(2.48)
is correction for the added moment of inertia using the theoretical formula:
(2.49)
It also necessary to note that specific forms of ships consisting of re-entrant forms and asymmetric forms are not acceptable for applying Lewis forms [4], [6].
To have a section accepted for Lewis forms, the area coefficient is bounded by a lower limit to omit re-entrant Lewis forms and by an upper limit to omit asymmetric Lewis forms:
For H(x) ≥ 1.0:
(2.50)
For H(x) ≤ 1.0:
(2.51)
2.4. Determining Remaining Added Mass
It is understandable that are relatively small in comparison with total added mass and can be ignored. Thus, .
The Ellipsoid and Strip theory methods do not determine component m_{15}. It is approximately considered that the component m_{15} and m_{24 }are caused by the hydrodynamic force due to m_{11} and m_{22 }with the force center at the center of buoyancy of the hull Z_{B} [2]. Therefore:
(2.52)
(2.53)
Thus, the formula to calculate m_{15} and m_{51 }is obtained:
(2.54)
When m_{24} and m_{42 }can be obtained by the Strip theory method.
3. Calculation and Assessment
For comparison and assessment of results, the ship model experimented by Motora [1960] (see fig. 5) is used [2], [14]:
• L: 170.0m
• B: 22.8m
• T: 9.3m
• Displacement: 20.876 MT
The ship is divided longitudinally into 20 slices with ratio B(x)/2T(x) and A(x)/B(x) as in table 2:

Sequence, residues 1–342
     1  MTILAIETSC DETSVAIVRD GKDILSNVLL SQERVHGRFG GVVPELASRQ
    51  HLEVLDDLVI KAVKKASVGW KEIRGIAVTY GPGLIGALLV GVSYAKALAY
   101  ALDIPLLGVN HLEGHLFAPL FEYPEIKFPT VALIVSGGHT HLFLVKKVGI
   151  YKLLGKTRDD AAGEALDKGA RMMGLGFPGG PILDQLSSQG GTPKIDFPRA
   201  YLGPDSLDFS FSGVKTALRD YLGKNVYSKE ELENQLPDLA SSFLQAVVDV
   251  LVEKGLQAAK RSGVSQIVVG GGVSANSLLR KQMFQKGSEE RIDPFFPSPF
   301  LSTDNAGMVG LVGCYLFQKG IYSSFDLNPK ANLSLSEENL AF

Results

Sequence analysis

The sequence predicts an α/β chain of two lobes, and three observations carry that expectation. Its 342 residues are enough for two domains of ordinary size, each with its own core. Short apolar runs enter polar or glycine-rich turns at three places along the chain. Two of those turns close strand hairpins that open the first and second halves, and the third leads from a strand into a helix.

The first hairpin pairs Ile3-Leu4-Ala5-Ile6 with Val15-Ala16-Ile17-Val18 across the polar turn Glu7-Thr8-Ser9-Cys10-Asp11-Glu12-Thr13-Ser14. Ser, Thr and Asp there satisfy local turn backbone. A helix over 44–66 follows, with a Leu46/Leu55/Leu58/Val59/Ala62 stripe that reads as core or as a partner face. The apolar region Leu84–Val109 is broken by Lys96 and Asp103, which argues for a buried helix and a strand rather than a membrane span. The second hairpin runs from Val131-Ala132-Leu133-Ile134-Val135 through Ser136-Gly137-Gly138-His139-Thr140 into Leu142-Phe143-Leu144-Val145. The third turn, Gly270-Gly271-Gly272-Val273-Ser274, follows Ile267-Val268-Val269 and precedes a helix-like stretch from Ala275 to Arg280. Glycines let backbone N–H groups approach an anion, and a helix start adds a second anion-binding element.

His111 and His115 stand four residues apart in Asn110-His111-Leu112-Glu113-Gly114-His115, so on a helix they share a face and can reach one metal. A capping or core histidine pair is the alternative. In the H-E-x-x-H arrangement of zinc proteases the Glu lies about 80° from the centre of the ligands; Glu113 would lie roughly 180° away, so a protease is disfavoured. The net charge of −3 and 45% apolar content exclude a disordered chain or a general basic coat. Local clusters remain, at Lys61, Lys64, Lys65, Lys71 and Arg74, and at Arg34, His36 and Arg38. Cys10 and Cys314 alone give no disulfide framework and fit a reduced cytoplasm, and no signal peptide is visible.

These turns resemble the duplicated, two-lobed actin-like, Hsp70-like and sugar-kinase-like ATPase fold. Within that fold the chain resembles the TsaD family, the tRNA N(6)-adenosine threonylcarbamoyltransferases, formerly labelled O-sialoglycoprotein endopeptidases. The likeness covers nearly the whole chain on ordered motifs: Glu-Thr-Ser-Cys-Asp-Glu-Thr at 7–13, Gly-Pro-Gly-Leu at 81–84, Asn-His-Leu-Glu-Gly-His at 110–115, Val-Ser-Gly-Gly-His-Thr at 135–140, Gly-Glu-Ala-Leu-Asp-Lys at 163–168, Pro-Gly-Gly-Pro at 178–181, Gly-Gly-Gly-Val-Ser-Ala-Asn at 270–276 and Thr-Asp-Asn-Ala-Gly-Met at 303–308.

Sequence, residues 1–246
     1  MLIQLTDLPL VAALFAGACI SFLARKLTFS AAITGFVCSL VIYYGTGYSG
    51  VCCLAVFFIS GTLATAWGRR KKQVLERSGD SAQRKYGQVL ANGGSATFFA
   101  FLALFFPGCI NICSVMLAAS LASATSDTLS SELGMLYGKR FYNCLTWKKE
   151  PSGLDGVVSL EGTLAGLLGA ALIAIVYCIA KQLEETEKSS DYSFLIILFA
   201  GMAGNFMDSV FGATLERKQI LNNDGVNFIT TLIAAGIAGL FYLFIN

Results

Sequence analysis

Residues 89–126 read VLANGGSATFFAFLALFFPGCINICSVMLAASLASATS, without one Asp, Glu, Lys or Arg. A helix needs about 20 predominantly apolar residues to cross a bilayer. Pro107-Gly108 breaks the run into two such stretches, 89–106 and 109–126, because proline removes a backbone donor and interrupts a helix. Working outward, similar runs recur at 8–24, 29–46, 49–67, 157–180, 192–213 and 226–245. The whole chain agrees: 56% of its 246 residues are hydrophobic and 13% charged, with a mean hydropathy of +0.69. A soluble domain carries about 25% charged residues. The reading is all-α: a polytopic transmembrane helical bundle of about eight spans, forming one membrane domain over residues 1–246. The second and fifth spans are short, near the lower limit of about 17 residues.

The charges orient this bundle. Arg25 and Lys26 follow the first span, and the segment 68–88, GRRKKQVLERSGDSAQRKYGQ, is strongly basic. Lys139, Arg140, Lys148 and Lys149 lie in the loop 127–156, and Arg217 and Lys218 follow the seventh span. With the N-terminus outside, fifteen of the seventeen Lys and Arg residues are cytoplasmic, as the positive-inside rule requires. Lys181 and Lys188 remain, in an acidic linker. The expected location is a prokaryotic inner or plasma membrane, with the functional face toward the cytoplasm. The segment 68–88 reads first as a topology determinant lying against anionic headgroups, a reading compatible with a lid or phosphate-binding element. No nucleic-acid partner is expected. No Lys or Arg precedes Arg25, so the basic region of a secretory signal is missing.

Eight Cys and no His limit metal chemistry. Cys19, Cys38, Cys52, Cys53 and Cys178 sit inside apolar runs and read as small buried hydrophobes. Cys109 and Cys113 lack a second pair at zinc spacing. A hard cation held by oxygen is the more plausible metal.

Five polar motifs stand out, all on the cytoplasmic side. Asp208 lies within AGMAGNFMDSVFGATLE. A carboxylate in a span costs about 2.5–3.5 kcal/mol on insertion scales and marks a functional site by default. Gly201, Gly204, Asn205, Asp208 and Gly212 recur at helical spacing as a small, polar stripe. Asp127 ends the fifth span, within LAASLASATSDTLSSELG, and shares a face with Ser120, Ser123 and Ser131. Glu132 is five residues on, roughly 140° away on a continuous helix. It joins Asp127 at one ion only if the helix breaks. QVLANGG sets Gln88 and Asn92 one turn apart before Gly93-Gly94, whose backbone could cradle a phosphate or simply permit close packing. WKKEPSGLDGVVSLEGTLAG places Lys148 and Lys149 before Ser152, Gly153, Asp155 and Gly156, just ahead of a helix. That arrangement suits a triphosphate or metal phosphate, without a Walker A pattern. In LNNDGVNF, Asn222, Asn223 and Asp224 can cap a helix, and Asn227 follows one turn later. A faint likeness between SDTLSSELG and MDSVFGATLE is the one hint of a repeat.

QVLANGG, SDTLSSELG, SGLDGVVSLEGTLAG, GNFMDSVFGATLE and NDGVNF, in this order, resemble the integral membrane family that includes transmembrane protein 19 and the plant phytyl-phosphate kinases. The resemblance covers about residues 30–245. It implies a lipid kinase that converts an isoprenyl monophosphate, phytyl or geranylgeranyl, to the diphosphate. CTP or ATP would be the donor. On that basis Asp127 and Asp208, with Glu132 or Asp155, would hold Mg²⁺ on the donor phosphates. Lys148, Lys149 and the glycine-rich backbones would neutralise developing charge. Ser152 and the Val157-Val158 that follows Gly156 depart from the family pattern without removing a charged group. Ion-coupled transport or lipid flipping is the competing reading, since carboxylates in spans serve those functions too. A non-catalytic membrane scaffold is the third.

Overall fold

Slice | Sta | dx | X | H=B/2T | β=A/B |
21 | 10.000 | 4.146 | 95.366 | 0.000 | 0.000 |
20 | 9.750 | 4.146 | 91.220 | 0.160 | 0.540 |
19 | 9.500 | 4.146 | 87.073 | 0.275 | 0.562 |
18 | 9.250 | 4.146 | 82.927 | 0.366 | 0.548 |
17 | 9.000 | 8.293 | 74.634 | 0.448 | 0.556 |
16 | 8.500 | 8.293 | 66.341 | 0.650 | 0.669 |
15 | 8.000 | 16.585 | 49.756 | 0.860 | 0.679 |
14 | 7.000 | 16.585 | 33.171 | 1.136 | 0.782 |
13 | 6.000 | 16.585 | 16.585 | 1.226 | 0.870 |
12 | 5.000 | 16.585 | 0.000 | 1.226 | 0.921 |
11 | 4.000 | 16.585 | -16.585 | 1.226 | 0.885 |
10 | 3.000 | 16.585 | -33.171 | 1.211 | 0.774 |
9 | 2.000 | 8.293 | -41.463 | 0.980 | 0.674 |
8 | 1.500 | 8.293 | -49.756 | 0.799 | 0.529 |
7 | 1.000 | 4.146 | -53.902 | 0.605 | 0.410 |
6 | 0.750 | 4.146 | -58.049 | 0.486 | 0.440 |
5 | 0.500 | 4.146 | -62.195 | 0.404 | 0.470 |
4 | 0.250 | 4.146 | -66.341 | 0.299 | 0.500 |
3 | 0.000 | 2.073 | -68.415 | 0.910 | 0.572 |
2 | -0.125 | 2.073 | -70.488 | 1.028 | 0.500 |
1 | -0.250 | 0.000 | -70.488 | 0.000 | 0.000 |
Numbering values of mapping are calculated and displayed in curves on computer in figure 6, 7 and 8. The results indicate that the transformation is relatively proper in comparison with the actual forms.
The calculating results of above suggested methods and experimental data are summed up and presented in table 3. The column "proposed" is the value suggested for application.
m_{ij} | Ellipsoid | Lewis | experiment | Proposed |
m_{11}/m | 0.033 | 0.032 | 0.033 | |
m_{22}/m | 0.939 | 0.986 | 1.040 | 0.986 |